York Barbell’s tall, heavyweight lifter has long helped put York County on the map
A worker with Continental Signs cuts the weights off the familiar statue along Interstate 83 in 2002. The 13-foot-tall, 1,000-pound statue has signaled the York Barbell building since the 1960s. Wind disabled the motor that rotates the statue north of York, Pa., and once workers dug into that problem, they noticed other damage to the statue. (See additional photo below.) Background posts: Former Mr. America Jules S. Bacon passes away and John Grimek lifted up musclemen of York, Pa. and All York Barbell posts from the start.
Ask people outside York County if they’ve ever been there, and some will say:
“Yes, I’ve passed through. That’s the place with the weightlifter.”
That identifiable symbol of York and its iconic company York Barbell looks indestructible.
But even a 13-foot man with a steel frame skeleton covered with tough fiberglas has to withstand much.
Such as the wind… .
Without the weights, the fiberglass York Barbell weightlifter occupies only one lane on the interstate. York Daily Record/Sunday News photographer Chris Glass.
There was a time in 2002 when the weightlifter had to be rehabbed after a match with a windstorm, as these associated photos attest. He was later returned to his prominent post, available once more to serve as a topic of conversation for those passing through York County.
And for those who want to know more about the company under the weightlifter and its famed founder Bob Hoffman, read York Daily Record/Sunday News’ writer Jeff Frantz’s short piece (12/24/06):
Bob Hoffman had bigger ideas than selling weights when he founded York Barbell.
He began sponsoring weight lifting contests in York as early as 1933. In fact, Hoffman won the first competition himself, lifting a total of 687 pounds.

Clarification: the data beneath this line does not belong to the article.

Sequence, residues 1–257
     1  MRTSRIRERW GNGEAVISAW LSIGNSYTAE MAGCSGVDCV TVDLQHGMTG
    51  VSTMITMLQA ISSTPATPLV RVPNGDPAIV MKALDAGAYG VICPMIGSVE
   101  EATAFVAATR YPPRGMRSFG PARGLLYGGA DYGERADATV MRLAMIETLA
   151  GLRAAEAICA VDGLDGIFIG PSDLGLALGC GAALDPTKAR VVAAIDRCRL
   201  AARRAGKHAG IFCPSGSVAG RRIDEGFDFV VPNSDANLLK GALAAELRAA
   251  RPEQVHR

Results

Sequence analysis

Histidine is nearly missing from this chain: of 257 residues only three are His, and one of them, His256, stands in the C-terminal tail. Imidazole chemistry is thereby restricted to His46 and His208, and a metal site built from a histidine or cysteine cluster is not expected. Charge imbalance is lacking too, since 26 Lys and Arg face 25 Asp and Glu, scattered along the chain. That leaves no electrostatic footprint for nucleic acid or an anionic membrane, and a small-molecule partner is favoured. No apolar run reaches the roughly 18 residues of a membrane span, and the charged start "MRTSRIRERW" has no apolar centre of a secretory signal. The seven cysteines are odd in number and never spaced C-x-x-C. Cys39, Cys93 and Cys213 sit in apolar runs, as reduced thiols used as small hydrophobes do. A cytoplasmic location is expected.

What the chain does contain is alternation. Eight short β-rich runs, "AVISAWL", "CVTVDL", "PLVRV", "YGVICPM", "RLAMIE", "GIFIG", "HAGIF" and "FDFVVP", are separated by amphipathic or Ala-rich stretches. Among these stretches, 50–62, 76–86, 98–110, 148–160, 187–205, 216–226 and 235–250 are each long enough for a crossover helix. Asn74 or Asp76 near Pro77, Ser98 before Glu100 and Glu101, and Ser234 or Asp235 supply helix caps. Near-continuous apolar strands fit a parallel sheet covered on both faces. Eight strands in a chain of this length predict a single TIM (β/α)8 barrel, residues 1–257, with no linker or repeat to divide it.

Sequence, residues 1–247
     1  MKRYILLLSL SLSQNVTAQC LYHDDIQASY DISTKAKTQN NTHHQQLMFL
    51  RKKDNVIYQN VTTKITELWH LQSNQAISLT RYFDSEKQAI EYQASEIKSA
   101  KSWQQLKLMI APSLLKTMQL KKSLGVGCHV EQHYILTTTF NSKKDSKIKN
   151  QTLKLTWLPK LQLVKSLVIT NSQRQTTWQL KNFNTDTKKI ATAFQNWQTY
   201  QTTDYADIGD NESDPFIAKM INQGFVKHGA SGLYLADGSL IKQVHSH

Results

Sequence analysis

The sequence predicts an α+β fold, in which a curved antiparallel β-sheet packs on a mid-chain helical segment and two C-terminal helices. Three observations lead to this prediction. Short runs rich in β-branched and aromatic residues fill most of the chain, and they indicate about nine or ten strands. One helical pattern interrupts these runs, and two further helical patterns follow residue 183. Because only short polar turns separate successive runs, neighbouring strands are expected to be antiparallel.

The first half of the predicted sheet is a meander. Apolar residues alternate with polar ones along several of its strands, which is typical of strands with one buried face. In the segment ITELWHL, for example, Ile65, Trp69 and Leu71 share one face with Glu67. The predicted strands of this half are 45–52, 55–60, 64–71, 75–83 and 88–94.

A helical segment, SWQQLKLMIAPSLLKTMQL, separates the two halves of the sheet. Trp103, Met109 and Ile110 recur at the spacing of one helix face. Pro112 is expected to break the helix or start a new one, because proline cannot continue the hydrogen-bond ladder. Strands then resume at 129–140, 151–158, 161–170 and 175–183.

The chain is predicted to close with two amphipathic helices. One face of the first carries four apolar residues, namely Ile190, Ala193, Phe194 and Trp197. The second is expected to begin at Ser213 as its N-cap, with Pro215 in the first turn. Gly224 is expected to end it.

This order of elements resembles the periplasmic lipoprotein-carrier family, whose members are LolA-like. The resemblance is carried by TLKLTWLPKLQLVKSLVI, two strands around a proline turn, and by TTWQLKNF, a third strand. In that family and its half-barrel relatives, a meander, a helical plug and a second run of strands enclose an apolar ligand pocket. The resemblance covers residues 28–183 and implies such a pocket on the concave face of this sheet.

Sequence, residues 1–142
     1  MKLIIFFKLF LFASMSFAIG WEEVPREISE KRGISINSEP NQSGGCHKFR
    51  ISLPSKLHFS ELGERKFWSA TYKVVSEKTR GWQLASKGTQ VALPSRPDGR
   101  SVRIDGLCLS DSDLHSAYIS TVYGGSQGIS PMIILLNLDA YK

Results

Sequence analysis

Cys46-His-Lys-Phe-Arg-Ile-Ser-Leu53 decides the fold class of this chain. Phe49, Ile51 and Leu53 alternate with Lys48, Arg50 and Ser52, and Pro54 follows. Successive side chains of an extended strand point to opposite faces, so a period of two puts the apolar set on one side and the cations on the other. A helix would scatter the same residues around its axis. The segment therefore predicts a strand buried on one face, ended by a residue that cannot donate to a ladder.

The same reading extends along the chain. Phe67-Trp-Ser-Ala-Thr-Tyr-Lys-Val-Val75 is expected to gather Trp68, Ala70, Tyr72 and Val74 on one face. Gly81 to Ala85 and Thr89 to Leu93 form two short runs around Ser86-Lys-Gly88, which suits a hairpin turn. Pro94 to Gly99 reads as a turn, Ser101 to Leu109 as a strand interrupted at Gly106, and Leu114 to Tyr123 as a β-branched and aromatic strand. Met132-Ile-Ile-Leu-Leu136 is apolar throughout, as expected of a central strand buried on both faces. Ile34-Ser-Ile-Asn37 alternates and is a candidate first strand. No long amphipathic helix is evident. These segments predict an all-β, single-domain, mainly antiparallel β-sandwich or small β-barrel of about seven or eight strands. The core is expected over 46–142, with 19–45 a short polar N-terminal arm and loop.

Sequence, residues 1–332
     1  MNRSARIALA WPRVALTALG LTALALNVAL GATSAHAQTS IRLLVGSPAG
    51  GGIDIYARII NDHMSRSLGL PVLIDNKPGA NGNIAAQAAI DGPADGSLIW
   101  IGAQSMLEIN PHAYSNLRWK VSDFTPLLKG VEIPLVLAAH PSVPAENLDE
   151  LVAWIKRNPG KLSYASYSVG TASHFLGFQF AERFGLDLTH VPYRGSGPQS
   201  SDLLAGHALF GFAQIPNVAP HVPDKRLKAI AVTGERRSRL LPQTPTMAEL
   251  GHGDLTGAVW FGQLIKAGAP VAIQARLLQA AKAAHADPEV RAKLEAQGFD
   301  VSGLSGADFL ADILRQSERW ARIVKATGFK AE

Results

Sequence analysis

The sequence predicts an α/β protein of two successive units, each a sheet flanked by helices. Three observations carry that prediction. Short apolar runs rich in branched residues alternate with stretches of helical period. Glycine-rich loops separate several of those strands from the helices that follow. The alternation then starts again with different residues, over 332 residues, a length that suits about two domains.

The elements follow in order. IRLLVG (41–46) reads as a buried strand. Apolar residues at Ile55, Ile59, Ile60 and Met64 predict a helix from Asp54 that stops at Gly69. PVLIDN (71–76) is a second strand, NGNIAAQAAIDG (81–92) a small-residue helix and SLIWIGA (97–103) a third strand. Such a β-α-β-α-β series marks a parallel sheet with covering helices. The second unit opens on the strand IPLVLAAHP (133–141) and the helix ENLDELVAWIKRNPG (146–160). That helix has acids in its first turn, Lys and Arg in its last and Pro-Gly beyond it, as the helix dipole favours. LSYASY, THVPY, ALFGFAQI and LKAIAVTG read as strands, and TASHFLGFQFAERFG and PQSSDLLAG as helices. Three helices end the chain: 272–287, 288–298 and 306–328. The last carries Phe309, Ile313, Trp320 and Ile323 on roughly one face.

Hoffman offered promising strongmen jobs, first at York Oil Burner and later at York Barbell, if they would lift for his amateur teams.
Before long, the strongest men in the country – John Grimek, John Terpak and Tony Terlazzo – lived and trained in York.
York Barbell soon became the dominant lifting club in the country, and Hoffman, who was also a major donor to the national team, enjoyed a prominent place in the sport.
After World War II, the scene in York changed. Fewer world-class lifters lived in the city full-time, but more used the newly constructed gym on Ridge Avenue as a training camp before major competitions.
Tommy Kono, regarded by many as the greatest American lifter, and Norbert Schemansky both won Olympic gold medals with York as their base. (The York Barbell man is modeled after Schemansky.
The Soviet Union and other Eastern-bloc countries began dominating international competition in the mid-1960s, but York lifters were still regarded as some of the best nationally.
In the 1980s, as York Barbell declined as a company, elite lifters stopped training in York. By the time Hoffman died in 1985, York was home to the world’s strongest men only in its memories.
– Source: “Muscletown USA” by John D. Fair